We’ve published primers on procure-to-pay and supplier management before, but supply risk and compliance is perhaps the topic that is most likely to find itself in the headline of a mainstream newspaper. By the time you read headlines like the ones below, however, something has already gone wrong.
- Scores Dead in Bangladesh Building Collapse (The New York Times, April 2013)
- Nestlé Admits to Forced Labour in Its Seafood Supply Chain in Thailand (The Guardian, November 2015)
- Apple, Samsung and Sony Face Child Labour Claims (BBC News, January 2016)
- Toyota, Other Major Japanese Firms Hit By Quake Damage, Supply Disruptions (Reuters, April 2016)
Of course, these are just a few examples from recent years.
While the area of supply risk management is attracting growing interest and investment from procurement organizations, organizations typically deal with risk on a piece-part basis. That is exactly the wrong strategy, argue Spend Matters analysts Jason Busch, Pierre Mitchell and Michael Lamoureux in their latest report, Spend Matters Landscape Definition and Overview: Supply Risk Management and Compliance.
One of their core aims in publishing this analysis, they write, is “to change this perspective and help organizations integrate these supply risk management initiatives more effectively.”
What is Supply Risk Management?
First, let’s define supply risk management and take a quick look at how the area has evolved over the years. In Spend Matters’ definition, the supply risk management market consists of multiple solution areas that are different yet often overlapping. They include:
- Standalone supplier and supply chain risk management, monitoring and optimization solutions
- Supplier management solutions
- Spend analytics solutions (inclusive of risk/financial data enrichment)
- Risk information/content originators (e.g., supply market intelligence providers)
- Governance, risk and compliance (GRC) vendors
- Commodity management solutions
- Supply chain planning, (re-)design and optimization
Supply risk management emerged as an area to pay attention to in the past two decades, as procurement and finance executives realized that supply disruptions, non-compliance and a host of potential problems lurking in the supply chain can have serious consequences for the business.
Today, procurement organizations are much more risk-aware. Forward-looking companies are using analytics and third-party information (such as risk scores, corporate social responsibility ratings, diversity data, etc.) as intelligence for risk reduction. Analytics can help procurement organizations gain executive support for a risk management program, look at risk data in the context of overall spend and supplier relationships, and do many, many more things.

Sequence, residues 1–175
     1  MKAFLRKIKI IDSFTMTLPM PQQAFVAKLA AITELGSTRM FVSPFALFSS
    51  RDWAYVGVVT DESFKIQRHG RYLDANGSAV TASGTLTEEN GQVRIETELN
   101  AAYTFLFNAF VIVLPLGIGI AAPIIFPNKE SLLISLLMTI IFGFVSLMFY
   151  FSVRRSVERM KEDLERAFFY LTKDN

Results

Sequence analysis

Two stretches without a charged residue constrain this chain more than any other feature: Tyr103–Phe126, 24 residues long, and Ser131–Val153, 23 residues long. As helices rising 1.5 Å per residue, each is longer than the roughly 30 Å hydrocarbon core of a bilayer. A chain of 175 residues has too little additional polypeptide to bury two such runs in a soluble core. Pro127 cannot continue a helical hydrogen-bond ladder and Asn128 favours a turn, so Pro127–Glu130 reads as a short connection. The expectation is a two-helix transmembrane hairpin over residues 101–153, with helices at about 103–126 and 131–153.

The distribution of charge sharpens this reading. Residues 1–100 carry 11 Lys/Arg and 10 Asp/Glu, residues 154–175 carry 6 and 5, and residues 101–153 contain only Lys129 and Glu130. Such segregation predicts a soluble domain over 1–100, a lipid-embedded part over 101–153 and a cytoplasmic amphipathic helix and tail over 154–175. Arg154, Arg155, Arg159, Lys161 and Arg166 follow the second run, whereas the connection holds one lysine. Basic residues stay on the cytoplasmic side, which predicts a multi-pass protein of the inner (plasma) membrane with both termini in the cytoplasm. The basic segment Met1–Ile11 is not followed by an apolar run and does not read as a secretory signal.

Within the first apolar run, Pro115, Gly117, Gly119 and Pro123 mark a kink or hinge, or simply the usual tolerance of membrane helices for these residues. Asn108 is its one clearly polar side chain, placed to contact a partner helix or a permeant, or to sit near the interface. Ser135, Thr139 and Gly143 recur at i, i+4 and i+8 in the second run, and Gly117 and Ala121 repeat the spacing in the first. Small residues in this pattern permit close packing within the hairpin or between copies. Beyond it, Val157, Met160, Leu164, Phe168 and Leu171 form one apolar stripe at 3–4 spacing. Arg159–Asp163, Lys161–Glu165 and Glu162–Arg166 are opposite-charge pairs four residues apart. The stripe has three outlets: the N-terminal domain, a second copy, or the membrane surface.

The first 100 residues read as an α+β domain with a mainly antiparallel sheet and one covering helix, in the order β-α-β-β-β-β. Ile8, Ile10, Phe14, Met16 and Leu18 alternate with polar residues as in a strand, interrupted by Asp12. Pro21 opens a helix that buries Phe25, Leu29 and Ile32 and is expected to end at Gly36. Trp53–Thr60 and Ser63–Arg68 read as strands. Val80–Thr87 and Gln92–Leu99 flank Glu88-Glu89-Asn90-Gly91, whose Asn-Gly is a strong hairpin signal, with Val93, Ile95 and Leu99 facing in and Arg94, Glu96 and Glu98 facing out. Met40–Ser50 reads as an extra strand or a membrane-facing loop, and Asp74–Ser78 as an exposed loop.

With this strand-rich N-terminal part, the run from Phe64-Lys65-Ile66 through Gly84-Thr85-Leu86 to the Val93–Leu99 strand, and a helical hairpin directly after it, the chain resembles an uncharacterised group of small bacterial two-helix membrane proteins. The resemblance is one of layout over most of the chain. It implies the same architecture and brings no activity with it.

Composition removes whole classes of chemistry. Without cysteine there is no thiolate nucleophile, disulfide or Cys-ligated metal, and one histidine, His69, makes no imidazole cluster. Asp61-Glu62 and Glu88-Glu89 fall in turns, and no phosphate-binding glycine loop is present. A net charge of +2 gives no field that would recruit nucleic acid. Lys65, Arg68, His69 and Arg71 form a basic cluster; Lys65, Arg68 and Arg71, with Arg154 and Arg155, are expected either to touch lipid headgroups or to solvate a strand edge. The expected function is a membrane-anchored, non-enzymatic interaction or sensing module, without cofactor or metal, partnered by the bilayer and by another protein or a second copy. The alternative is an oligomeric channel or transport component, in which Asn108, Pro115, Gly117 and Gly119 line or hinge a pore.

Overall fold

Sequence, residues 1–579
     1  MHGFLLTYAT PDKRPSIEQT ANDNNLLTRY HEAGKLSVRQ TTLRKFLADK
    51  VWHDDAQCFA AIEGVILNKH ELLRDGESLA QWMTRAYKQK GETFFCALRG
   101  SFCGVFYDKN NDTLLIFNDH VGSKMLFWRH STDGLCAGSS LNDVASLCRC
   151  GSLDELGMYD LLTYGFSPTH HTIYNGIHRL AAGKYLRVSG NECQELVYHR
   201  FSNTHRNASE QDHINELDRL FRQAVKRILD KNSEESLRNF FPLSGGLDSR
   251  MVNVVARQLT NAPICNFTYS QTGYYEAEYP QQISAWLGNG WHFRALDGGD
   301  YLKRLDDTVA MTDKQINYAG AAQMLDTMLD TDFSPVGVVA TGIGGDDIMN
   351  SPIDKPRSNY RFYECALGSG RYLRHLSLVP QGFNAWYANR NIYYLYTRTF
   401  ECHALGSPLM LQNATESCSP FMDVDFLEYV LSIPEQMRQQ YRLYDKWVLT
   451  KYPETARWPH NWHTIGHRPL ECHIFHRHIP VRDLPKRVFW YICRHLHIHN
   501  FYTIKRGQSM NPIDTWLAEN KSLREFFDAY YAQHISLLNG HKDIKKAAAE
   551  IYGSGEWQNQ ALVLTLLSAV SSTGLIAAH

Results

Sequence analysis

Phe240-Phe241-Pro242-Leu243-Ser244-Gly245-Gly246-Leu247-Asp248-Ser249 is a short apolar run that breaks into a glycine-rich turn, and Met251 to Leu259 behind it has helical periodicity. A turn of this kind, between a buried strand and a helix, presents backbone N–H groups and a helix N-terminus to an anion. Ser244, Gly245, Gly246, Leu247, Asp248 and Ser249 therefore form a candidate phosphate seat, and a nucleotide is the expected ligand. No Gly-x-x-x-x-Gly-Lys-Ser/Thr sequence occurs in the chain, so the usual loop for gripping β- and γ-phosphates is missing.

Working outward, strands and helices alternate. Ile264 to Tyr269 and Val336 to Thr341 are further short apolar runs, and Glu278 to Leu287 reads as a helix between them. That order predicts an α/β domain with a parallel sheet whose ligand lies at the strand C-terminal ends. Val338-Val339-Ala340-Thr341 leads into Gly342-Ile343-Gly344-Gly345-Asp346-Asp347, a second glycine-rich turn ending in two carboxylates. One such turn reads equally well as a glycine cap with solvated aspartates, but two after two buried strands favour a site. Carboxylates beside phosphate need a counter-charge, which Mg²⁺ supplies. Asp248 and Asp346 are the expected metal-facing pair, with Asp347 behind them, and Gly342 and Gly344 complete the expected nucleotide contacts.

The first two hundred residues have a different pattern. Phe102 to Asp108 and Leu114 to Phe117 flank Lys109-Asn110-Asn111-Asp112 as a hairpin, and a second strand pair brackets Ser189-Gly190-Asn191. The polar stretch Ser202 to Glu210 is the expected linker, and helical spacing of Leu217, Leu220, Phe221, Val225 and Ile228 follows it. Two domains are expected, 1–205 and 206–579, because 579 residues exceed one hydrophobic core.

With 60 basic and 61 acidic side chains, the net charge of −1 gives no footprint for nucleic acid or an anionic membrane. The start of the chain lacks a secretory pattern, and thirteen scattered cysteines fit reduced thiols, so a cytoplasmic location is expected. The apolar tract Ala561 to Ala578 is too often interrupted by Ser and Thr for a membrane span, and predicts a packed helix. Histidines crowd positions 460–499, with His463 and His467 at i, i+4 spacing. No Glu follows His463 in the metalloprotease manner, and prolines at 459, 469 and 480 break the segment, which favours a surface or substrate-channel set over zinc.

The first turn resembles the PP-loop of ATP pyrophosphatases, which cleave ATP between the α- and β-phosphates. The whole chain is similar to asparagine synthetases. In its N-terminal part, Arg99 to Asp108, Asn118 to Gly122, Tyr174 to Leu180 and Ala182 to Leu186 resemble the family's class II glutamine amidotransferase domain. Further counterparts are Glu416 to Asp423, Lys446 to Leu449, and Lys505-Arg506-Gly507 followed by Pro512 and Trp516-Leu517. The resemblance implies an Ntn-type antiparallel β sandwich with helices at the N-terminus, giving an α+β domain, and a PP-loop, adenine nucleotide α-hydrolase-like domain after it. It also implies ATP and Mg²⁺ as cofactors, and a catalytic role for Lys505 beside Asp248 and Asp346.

It can also enable new types of supply risk insurance products. When it comes to supply risk, as Spend Matters analysts suggest, perhaps “we should all think more like insurance and re-insurance firms!”
Supply Risk Management Technology Components
There are six distinctive functional categories to which the technology components of supply risk management solutions can be sorted. We list the categories below, along with a few examples of what they can include (there are many more!):
Core supplier management enablement components
- Supplier portal and complex registrations
- Document capture and repository
- Global support for supplier information gathering at an atomic level
Spend, supplier and risk analytics and reporting
- Data acquisition
- Data cleansing and classification
- Geospatial mapping and reporting of suppliers
Bill of material (BOM)-level reporting and visibility
- BOM part/SKU extraction and mapping
- Multi-tier mapping and visualization of relationships and dependencies
Supplier risk intelligence feeds
- Supplier financial risk intelligence
- News feeds
- Global disaster intelligence
Commodity management enablement
- Commodity price benchmarking
- Commodity analytics
- Document management
Supply chain (re-)design and optimization
- “What if” scenario planning
- Supply chain modelling to minimize impact of area-based geographic disruptions
As Spend Matters analysts Busch, Mitchell and Lamoureux put it, “organizations … tend to marginalize [supply risk management’s] importance at the executive and board level until after a major risk incident occurs.” But you know better, of course. This is an area requiring constant attention and innovation.
For that reason we encourage you to read our latest free report, Spend Matters Landscape Definition and Overview: Supply Risk Management and Compliance. The report walks you through the evolution and current state of supply risk management and explains how to build a tech-centric foundation to tackle supply risk before your company’s name ends up in an unwanted news headline. The report also gives an introduction to the provider landscape, broken down by area of expertise such as commodity management, spend analytics and supply chain planning.